French research indicates that smoking has an effect on immunity to diseases, through molecules that attach to DNA

Published 4:16 pm Thursday, February 15, 2024

By Heather Close, Kentucky Health News

Like other factors such as age, sex and genetics, smoking has a major impact on immune responses, say a team of French scientists in a research paper that they say reveals for the a long-term memory of the effects of smoking on immunity, through molecules that attach to a smoker’s DNA.

In addition to its short-term impact on immunity, smoking also has long-term consequences. For many years after they have quit the habit, smokers are left with effects on some of their bodies’ defense mechanisms acquired while smoking, says the paper, published in the journal Nature.

Researchers at the Institut Pasteur used a sample cohort of 1,000 healthy volunteers to understand how effectively they respond to attacks from viruses and bacteria. They exposed blood samples to the micronbes and measured the immune response. “The team then determined which of the 136 investigated variables (body mass index, smoking, number of hours’ sleep, exercise, childhood illnesses, vaccinations, living environment, etc.) had the most influence on the immune responses studied.

Three variables stood out: smoking, latent cytomegalovirus infection (a virus in the herpes family that is often asymptomatic though dangerous to fetuses) and body mass index,” says a news release that quotes researcher Darragh Duffy: “The influence of these three factors on certain immune responses could be equal to that of age, sex or genetics.”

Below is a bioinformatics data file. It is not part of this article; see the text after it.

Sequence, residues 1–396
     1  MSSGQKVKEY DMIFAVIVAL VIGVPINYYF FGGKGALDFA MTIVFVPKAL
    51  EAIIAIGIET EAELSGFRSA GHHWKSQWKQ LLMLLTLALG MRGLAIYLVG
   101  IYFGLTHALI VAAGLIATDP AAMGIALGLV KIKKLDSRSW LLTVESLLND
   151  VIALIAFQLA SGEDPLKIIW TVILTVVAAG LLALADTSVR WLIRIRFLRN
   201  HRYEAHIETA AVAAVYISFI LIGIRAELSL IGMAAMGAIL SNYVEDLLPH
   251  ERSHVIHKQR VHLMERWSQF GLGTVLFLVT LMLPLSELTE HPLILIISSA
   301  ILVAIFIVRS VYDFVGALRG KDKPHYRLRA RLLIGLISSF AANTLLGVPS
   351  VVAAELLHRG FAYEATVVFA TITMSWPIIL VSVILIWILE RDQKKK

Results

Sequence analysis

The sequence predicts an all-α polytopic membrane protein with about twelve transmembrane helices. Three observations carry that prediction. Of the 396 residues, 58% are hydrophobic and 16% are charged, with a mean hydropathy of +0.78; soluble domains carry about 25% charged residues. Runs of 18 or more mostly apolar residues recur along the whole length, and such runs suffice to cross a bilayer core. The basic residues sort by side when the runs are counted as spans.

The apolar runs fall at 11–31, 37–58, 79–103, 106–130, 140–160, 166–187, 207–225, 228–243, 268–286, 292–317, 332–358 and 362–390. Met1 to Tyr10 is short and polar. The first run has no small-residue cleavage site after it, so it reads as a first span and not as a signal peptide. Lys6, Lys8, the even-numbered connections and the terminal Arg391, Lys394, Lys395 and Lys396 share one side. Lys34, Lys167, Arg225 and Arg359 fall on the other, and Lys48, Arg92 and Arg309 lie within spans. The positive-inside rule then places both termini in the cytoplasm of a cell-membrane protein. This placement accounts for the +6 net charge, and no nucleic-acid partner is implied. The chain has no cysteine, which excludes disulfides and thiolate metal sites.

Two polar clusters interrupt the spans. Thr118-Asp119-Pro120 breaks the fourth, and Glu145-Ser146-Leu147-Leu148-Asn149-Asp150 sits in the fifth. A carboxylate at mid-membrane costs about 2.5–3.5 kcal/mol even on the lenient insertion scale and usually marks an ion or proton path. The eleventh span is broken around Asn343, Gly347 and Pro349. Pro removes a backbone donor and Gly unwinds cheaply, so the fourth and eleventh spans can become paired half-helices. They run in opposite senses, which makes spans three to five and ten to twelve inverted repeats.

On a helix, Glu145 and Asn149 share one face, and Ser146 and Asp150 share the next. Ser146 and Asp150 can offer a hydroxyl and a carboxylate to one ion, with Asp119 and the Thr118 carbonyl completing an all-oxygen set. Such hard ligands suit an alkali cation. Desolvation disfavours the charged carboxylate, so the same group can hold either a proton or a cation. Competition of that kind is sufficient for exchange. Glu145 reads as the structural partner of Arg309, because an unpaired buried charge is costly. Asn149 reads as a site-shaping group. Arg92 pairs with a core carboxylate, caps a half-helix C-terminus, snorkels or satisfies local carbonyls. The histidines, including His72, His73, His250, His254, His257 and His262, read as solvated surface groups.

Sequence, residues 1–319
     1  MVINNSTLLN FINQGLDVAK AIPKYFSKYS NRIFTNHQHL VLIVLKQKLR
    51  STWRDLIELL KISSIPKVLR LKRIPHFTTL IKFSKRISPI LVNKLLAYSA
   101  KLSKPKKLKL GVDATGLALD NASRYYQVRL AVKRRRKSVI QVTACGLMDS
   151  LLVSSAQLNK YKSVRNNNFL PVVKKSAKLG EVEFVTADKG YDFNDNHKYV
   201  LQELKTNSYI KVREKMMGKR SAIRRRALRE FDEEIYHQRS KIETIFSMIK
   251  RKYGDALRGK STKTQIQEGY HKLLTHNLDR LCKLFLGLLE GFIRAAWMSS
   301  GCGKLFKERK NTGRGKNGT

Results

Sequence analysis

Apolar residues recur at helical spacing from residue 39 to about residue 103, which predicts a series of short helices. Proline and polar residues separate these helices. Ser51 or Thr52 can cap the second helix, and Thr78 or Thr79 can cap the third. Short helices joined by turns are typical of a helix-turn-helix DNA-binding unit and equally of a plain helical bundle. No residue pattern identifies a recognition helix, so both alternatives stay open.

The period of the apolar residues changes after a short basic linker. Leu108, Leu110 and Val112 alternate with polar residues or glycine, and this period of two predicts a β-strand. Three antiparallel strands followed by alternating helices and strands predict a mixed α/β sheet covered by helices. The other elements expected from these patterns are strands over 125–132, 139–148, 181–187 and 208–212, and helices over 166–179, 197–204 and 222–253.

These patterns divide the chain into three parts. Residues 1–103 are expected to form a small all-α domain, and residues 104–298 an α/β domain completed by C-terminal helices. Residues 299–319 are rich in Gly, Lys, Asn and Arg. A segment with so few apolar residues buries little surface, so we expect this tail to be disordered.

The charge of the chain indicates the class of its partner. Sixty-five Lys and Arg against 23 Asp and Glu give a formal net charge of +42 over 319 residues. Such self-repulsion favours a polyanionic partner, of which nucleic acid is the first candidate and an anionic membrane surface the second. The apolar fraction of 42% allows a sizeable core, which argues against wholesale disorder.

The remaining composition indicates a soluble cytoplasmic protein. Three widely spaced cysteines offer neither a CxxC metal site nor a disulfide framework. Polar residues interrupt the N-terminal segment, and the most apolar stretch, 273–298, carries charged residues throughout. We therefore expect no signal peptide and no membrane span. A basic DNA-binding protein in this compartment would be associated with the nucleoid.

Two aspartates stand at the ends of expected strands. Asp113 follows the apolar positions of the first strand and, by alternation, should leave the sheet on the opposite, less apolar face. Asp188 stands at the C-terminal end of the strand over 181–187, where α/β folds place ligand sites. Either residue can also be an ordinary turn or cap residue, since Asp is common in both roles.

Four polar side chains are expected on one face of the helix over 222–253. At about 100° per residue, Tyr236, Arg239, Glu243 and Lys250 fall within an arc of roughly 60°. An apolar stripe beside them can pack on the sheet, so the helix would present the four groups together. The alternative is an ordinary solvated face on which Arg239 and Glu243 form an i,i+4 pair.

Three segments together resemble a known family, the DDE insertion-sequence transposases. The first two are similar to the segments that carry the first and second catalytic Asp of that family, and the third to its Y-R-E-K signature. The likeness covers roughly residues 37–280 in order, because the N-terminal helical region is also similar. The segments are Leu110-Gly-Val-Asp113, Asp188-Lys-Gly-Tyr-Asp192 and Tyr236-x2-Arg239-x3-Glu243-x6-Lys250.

The inflammatory response was greater in smokers, and “the activity of certain cells involved in immune memory was impaired,” the release says. “In other words, this study shows that smoking disrupts not only innate immune mechanisms, but also some adaptive immune mechanisms… .  The immune system appears to have something resembling a long-term memory of the effects of smoking.”

A comparison of smokers and ex-smokers “revealed that the inflammatory response returned to normal levels quickly after smoking cessation, while the impact on adaptive immunity persisted for 10 to 15 years,” Duffy said. “This is the first time it has been possible to demonstrate the long-term influence of smoking on immune responses.”

The researchers found that those effects involve changes to the smoker’s DNA — not the genetic material itself, but the addition of methyl-group molecules to DNA, “changing the way in which the genome is read in the cell,” thus affecting the immune response, the release says.

Researcher Violaine Saint-André said, “This is a major discovery elucidating the impact of smoking on healthy individuals’ immunity and also, by comparison, on the immunity of individuals suffering from various diseases.”